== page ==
Then I used these stories to create a list of ‘user specifications’. These are specs for what the user would want to do with the product. For example, one spec was ‘should be able to demonstrate my personality through Avaz’. Another was ‘it should not break when I drop it’. Though I made the first list using my imaginary users, I showed this list to about 20 people (parents, kids, teachers) and fleshed it out, adding new requirements as people came up with them.
Then the difficult bit: figuring out how to convert the user specifications into technical specifications. This requires solid engineering understanding and deep product knowledge. For example, you need to figure out that the ability to control the pitch of a voice synthesizer would be critical in helping an Avaz user individualize the product, or that the drop-test performance of an enclosure would directly relate to its ruggedness.
What you do with the user specs and the tech specs next depends on who taught you design. What I do is something called QFD – quality function deployment. This is a table which maps ‘Whats’ – the customer requirements – to ‘Hows’ – how the engineer will implement them. In this table, you capture cross-relations between Whats, between Hows, and between the Whats vs Hows. QFD provides detailed guidelines also on how to assign quantitative measures to each of the Whats, and allows you to rank the Hows based on how difficult or resource-intensive they would be to implement.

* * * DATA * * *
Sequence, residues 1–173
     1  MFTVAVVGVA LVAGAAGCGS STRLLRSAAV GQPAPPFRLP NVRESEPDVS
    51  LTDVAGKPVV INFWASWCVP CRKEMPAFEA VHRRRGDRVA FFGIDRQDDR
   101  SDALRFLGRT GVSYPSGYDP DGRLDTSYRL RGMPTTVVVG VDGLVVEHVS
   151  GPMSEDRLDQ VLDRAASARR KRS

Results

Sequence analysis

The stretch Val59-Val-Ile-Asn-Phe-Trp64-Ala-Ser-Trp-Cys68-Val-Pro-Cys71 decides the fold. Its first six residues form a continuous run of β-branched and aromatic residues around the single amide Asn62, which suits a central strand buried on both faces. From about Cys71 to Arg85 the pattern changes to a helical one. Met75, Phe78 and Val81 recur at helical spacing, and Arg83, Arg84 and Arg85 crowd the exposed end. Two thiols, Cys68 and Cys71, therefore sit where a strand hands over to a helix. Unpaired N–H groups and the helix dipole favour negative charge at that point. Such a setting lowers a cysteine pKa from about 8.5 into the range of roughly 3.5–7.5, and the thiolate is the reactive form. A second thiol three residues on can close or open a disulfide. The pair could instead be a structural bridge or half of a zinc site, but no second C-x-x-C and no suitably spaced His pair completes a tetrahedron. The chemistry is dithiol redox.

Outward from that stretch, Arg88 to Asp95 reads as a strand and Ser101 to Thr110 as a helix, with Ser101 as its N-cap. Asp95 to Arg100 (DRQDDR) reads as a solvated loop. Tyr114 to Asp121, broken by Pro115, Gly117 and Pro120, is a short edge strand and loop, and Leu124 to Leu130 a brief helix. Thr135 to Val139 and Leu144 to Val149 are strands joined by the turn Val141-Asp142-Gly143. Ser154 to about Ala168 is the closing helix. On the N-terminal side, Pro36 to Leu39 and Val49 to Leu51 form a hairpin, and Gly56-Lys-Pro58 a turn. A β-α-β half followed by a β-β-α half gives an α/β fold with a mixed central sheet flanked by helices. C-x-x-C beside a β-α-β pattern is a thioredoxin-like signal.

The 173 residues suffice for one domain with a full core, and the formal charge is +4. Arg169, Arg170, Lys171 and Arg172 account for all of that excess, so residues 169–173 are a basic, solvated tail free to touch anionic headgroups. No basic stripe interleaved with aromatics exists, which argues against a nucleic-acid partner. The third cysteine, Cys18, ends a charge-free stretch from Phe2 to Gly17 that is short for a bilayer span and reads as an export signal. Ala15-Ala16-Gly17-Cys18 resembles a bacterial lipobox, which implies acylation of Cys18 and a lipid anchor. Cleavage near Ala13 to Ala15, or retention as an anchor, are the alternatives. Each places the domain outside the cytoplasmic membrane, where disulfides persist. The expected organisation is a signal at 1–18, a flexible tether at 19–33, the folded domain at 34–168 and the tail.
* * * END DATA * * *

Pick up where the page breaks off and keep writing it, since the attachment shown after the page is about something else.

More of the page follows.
If you have successfully built a House of Quality, you now have everything you need to make quick, good design decisions. You could create a weighted list of technical features, and order them based on how important each one is to each type of customer. You could do market research to figure out the segmentation of different customer types, and weigh their importance accordingly. And finally, you would come up with engineering specifications for your product.
At that point, the QA team takes over. I’ve always insisted, on all the products I’ve worked on, that when the designers get their pencils out, so should the testers; for each engineering spec, there should be a way to figure out the extent to which it is being met. Only then does the implementation team even get formed.
So that’s how I do design. I swear by QFD, I swear by testing, and I believe my customers.
I think the incredible potential of Aakash – and the sheer amount of resources the Government is planning to put behind it – means that some form of design quantification should be done before the pencils come down on drawing sheets. I’ll do my best to steer this agenda from the inside, but I have no idea how successful I’ll end up being. Wish me luck!